My younger daughter would totally live there- my elder would be horrified, she likes her shoes on her feet.

Great find, and how lucky it was so close to the wedding from hell.

Bob said...

That place is way cool! My daughter would live there!

Hecate said...

Reminds me of the nursery rhyme:

There was an old woman who lived in a shoe . . . .

Jennifer said...

I think I'd hang out with the Heir...I like the wacky tourist attractions myself!

YELLOWDOG GRANNY said...

if you won't let me have her..can i at least borrow her?..she could come down for westfest..bring her sister..i'd love it and they would have such a great time..might even bring you back a skunk egg..

Goat Yoda said...

So, have you all been out two lane hwy. 30, past the turn to Intercourse and visited the big yellow windmill which is the company that bakes the best shoo-fly pies in existance? Or past that a mile or so to the Hex Place, that chalet style building that sells pretty much every hex sign (all made by Zook's enterprises) that they make?

I always stop there when I am traveling through the area and pick up at least three pies and some hex signs- if'n y'all have never researched Hexen Magic, it's an interesting form of Christian Magic that relies on 'Great Albert' (Albert Magus)and figures heavily into the stories of Manley Wade Wellman, the Lovecraft of the South, whose stories were situated in an area about 30-45 mins, from my home in the mountains.....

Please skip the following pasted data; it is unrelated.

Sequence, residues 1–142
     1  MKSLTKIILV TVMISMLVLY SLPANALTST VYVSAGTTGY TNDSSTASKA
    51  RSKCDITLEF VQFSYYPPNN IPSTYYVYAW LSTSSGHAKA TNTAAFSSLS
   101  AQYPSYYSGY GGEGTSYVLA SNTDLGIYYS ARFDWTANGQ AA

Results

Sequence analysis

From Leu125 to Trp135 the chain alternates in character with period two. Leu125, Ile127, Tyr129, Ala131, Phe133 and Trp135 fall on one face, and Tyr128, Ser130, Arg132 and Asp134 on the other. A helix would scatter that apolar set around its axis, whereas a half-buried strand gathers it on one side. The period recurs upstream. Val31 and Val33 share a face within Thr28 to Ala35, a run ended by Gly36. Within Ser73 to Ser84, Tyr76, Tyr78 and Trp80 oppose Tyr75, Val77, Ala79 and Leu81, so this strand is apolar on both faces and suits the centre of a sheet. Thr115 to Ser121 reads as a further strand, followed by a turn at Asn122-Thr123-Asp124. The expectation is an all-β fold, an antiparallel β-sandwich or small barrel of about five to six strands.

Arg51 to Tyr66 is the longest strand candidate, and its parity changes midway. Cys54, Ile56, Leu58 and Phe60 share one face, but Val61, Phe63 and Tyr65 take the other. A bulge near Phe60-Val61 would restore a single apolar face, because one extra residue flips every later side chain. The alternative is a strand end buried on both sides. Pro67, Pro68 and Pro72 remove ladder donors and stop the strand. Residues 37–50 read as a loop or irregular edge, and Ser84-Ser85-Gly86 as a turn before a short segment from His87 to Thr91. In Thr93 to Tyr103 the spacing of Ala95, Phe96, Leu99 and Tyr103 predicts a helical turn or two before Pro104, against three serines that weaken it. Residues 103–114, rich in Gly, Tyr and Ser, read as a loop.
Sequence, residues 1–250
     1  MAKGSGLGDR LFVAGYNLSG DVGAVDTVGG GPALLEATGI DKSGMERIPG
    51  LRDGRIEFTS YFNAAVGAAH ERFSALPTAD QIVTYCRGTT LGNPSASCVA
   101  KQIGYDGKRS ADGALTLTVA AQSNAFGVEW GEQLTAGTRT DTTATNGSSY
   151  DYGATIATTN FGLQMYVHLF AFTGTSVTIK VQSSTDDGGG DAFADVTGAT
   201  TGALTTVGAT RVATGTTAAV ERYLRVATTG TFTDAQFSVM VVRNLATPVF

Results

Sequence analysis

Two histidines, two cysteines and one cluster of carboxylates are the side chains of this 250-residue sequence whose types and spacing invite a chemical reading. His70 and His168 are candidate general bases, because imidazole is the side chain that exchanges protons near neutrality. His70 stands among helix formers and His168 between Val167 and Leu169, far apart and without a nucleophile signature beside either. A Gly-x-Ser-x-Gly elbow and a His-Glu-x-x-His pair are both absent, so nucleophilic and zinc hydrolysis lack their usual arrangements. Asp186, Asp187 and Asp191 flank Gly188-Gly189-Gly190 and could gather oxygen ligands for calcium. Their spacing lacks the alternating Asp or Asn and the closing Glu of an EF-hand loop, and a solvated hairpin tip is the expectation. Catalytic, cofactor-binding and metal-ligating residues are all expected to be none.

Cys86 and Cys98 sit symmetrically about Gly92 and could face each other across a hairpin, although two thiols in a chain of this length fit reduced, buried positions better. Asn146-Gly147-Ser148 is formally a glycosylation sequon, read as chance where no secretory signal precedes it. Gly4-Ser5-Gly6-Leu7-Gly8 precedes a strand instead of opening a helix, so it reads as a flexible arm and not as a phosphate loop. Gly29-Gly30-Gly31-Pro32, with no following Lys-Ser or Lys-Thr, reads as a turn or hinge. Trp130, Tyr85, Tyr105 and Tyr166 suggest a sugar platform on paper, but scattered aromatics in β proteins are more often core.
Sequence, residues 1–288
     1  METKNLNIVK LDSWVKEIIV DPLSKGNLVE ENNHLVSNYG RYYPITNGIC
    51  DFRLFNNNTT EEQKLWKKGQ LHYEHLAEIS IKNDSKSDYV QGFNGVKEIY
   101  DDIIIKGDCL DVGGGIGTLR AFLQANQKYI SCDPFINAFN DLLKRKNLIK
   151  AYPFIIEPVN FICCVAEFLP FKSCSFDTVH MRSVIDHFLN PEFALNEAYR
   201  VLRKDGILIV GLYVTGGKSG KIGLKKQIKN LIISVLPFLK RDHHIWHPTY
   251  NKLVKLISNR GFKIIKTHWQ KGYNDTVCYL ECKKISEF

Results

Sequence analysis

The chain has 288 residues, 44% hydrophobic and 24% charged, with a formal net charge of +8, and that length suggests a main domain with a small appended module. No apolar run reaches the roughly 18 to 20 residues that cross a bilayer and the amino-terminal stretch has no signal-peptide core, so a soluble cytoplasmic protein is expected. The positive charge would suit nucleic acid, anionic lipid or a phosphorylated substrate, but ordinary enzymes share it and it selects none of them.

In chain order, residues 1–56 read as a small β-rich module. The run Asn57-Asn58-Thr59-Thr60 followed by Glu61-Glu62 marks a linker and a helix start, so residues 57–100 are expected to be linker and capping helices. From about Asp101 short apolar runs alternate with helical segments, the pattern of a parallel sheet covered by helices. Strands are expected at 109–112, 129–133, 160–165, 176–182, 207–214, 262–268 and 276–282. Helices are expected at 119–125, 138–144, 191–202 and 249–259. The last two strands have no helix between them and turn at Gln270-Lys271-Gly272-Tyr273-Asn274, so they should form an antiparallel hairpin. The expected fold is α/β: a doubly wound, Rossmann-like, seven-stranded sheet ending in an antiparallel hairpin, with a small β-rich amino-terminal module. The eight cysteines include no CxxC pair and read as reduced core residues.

BTW> there's a neat candy store and elephant museum between Gettysburg and Chambersburg on hwy. 30 as well that has a huge selection of cnady and elephants- you all must visit it sometime.

Anne Johnson said...

I've driven that stretch of 30 and never saw that candy store. I'll look for it next time. We always try to stop at Land of Little Horses, another top-tier tacky tourist trap.

Goat Yoda said...

Follow the elephants, you'll find the candy....LOL!

Sarita said...

Now I want to see photos of the inside of the house! Please? *puppy eyes*

I tried Googling it, and though I found plenty of photos of the house, they were all taken from the outside.